– Look at the “tax value” of the property; you’re normally trying to bid under this amount.

– Look at recent comparable sales in the area; again, using the websites I mentioned. This will give you an idea of what others have paid. Most important thing here is to look for the neighborhood or close to it, and be close to square footage / lot area of what you’re trying to buy.

– How is the state of the economy at present? If the market is booming, well, umm…why are you trying to buy a house right now again? 🙂 If it’s not, obviously you have some flexibility regarding your offer.

– How much did the current owner pay for their property? This information is available on the websites I mentioned or in your local county tax database. Normally owners try not to “lose” money on their purchases…but if they bought something for $100k 15 years ago, and are trying to sell it for $300k today, they may reasonably take $250-275…you never know!

– Condition matters a whole lot. Are there significant structural issues? Is the seller not planning on fixing these? Normally if a seller doesn’t fix repairs, you can offer much, much less. This is normally pretty rare though because the seller is aware of this, and their goal (usually) is to make money here.

– Short sales / foreclosures are a whole different animal and deserves it’s own blog topic, I’d imagine.

So what’s the best combination? You have a lot of money, the economy is crap, there’s a lot of inventory on the market, home values are declining, the owner either wants to sell immediately / it’s been sitting on the market forever, it has damage that they don’t want to repair and want to sell as-is. Ideally, you’d want some combination of the above. Granted, the goal of this post is to try to get you to “save” money. This is probably the most expensive thing you’ll buy in your entire life. Don’t screw this up!

Talk with your agent about negociating “closing costs” with the seller. A decent seller will offer to pay “some” of your closing costs, at the very least. What are “closing costs”? All the little nickel and dime things that build up during this process: inspection, appraisal, title, lawyer, origination, points, and all the other service fees around buying a house. I talk about this a little more in the financing step. Anyway, the seller will normally “pay” some of these; obviously how much they pay will influence what you offer.

One final note: you normally have to put a small “downpayment” on the house so the seller/seller’s agent takes your bid seriously. This is normally somewhere around $500-1000. You would get this “earnest money” back if things fall through for one reason or another.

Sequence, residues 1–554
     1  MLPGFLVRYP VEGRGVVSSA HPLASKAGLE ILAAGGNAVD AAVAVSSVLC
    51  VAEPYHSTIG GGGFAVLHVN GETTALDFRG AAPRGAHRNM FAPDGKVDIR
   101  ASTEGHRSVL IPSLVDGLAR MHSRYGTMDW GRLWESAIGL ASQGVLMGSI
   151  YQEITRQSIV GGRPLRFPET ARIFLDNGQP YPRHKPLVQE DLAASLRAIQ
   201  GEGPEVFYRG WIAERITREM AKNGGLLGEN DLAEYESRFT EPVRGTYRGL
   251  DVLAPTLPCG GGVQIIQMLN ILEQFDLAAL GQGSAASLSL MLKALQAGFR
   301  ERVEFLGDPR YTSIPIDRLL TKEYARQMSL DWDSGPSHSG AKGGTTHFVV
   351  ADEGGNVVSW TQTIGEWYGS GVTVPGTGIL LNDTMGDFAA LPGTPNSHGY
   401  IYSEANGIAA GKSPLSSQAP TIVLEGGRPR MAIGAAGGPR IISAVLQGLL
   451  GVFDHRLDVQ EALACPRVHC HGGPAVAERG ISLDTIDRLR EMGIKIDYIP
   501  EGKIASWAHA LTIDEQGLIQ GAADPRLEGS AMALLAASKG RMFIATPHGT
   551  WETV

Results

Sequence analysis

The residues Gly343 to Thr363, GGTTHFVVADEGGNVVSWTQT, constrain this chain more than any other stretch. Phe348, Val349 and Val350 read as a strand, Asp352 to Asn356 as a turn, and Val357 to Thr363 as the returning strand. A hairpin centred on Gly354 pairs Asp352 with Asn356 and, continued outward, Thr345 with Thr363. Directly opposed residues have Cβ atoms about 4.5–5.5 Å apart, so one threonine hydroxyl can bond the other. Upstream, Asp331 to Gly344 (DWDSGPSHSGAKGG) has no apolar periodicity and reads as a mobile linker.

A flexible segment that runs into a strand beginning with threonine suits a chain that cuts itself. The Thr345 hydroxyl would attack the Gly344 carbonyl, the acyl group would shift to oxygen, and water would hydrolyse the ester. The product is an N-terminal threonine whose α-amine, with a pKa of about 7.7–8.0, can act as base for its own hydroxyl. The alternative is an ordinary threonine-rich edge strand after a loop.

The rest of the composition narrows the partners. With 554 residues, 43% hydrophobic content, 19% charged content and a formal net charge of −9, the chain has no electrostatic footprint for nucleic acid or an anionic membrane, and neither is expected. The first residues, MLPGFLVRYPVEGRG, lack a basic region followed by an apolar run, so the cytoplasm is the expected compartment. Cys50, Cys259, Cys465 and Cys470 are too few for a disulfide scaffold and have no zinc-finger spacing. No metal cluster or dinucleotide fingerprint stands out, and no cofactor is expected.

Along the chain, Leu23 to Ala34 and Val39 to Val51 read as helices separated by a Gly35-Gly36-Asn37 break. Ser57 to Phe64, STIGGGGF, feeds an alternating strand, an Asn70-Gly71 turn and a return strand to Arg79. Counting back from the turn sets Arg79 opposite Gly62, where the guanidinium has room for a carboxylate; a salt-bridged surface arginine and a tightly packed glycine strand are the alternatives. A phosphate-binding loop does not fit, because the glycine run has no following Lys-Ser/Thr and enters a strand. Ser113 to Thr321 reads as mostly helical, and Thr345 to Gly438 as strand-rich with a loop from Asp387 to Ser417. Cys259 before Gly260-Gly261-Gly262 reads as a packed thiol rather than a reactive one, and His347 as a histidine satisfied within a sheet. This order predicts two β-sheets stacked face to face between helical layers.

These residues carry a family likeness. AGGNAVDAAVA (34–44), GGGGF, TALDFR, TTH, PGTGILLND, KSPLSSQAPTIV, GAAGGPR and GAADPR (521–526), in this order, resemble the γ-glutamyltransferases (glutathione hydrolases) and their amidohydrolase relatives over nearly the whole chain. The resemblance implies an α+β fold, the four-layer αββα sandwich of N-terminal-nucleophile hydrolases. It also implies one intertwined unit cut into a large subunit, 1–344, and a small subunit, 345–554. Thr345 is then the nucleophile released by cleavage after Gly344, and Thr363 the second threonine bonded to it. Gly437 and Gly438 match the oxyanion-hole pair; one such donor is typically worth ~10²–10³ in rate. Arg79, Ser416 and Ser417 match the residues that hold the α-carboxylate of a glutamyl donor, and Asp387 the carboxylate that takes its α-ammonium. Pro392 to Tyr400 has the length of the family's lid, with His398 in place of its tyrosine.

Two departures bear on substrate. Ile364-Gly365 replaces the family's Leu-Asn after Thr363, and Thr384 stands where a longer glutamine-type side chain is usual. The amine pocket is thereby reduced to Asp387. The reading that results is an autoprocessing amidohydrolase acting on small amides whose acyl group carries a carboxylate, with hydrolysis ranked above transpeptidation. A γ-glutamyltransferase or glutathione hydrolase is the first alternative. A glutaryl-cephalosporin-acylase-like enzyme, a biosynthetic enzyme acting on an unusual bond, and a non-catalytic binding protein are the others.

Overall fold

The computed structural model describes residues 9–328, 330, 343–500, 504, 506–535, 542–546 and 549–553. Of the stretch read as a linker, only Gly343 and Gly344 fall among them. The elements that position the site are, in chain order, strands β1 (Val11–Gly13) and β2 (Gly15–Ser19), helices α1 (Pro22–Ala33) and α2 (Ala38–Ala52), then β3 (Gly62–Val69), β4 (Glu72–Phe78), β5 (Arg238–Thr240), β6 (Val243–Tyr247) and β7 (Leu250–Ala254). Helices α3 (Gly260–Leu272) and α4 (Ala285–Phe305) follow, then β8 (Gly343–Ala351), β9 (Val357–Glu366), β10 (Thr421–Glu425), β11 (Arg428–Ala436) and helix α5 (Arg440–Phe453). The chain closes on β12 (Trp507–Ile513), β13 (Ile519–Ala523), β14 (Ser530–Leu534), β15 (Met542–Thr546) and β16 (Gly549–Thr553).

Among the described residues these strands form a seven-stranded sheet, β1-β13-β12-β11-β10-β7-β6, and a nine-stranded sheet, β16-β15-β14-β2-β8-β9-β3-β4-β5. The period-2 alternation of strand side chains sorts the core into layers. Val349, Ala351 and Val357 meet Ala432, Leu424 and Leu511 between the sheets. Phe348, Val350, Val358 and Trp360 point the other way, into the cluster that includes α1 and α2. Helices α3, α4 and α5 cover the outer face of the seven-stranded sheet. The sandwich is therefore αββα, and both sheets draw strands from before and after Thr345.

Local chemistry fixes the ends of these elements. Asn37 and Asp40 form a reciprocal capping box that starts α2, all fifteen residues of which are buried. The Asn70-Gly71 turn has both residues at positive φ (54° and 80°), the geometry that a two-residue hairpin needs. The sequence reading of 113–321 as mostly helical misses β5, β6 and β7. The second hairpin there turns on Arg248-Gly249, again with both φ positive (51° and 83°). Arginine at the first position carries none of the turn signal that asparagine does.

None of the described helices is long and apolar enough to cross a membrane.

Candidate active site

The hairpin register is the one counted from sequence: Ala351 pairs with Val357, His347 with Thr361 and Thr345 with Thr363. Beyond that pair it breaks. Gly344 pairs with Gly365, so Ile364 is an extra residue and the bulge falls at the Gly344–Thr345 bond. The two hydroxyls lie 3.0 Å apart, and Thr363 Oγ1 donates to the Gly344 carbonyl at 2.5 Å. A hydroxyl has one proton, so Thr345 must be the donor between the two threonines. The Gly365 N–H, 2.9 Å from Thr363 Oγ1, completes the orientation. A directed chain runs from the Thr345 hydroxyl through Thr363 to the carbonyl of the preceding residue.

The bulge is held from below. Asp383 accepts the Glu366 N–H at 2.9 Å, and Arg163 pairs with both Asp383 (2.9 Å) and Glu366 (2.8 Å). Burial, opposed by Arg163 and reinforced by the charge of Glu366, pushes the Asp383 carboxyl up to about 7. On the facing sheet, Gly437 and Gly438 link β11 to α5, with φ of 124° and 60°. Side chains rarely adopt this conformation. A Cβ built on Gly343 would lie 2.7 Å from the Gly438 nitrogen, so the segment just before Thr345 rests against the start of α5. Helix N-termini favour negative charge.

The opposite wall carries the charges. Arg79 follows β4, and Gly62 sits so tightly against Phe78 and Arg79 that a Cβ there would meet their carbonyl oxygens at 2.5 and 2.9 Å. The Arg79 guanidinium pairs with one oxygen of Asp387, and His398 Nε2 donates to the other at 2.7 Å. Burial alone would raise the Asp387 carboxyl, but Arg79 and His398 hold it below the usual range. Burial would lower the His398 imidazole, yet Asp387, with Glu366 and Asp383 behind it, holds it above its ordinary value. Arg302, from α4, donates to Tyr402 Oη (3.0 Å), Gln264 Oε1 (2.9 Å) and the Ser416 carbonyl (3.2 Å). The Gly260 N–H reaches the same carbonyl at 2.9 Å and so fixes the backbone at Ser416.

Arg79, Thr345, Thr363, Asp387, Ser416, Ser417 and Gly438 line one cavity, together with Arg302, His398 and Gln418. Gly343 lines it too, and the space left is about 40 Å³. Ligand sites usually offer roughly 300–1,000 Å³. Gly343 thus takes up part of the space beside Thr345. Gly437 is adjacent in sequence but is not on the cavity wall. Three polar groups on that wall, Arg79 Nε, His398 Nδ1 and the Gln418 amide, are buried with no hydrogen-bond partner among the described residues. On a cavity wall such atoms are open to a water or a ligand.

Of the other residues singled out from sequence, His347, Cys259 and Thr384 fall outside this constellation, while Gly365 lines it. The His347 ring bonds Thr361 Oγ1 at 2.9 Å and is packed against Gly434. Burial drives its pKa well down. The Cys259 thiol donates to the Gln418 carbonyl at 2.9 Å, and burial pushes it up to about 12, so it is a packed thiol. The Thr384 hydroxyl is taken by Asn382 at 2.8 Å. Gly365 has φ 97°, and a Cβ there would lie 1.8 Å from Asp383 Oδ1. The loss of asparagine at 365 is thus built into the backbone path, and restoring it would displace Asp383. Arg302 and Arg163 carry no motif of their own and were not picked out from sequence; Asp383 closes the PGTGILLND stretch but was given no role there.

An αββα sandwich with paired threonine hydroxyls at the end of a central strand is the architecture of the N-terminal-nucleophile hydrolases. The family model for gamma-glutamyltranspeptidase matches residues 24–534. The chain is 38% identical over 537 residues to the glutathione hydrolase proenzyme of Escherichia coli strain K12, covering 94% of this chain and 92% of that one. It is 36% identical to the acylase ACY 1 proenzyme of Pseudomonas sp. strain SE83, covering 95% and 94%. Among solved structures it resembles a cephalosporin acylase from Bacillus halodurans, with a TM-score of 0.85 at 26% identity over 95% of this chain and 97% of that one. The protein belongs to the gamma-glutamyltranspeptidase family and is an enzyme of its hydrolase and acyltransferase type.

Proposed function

Step 4 – Inspection and Appraisal

Wow, you did it! The seller agreed to your bid! Hopefully you nailed ’em! You’re on your way to getting your dream house for a good price. All right!

Only thing standing in your way now is passing inspection and appraisal. What does this involve? Well, the inspection is something that must be done to gauge the exact condition of the property. Technically, I guess this doesn’t have to be done…but, I think you’d have to be pretty insane to buy a house as-is. An inspection is done by a 3rd party (normally $400 or so) and they go over every inch of the house and report everything that’s wrong with it.

If the inspection comes back “bad”, you are normally able to “walk away” at this point (and get your earnest money back). You may be out the inspection fee though. Never been in this situation though, so it’s hard for me to comment. This is why it’s very important to do your own due diligence in step 2) to make sure there’s no surprises here! You should have a decent idea of the condition of the house based on your own inspection. Hopefully, you don’t get any major surprises!

After that, an “appraisal” is done on the house. This is another 3rd party assessment that is done that allows an impartial observer to tell all parties how much “they” think the property is worth. If the appraisal comes in waaay higher than what the offer was, the seller would normally (and wisely) back out or counter-offer you here. Similarly, if it comes in waaay lower than your offer, you’d be a fool to not renegotiate. Just because you offered something in step 3) doesn’t necessarily mean it’s final, unfortunately. The appraisal step is really the last chance all parties have before “really continuing” the process. If the appraisal is “close” to the offer, the seller would probably move forward.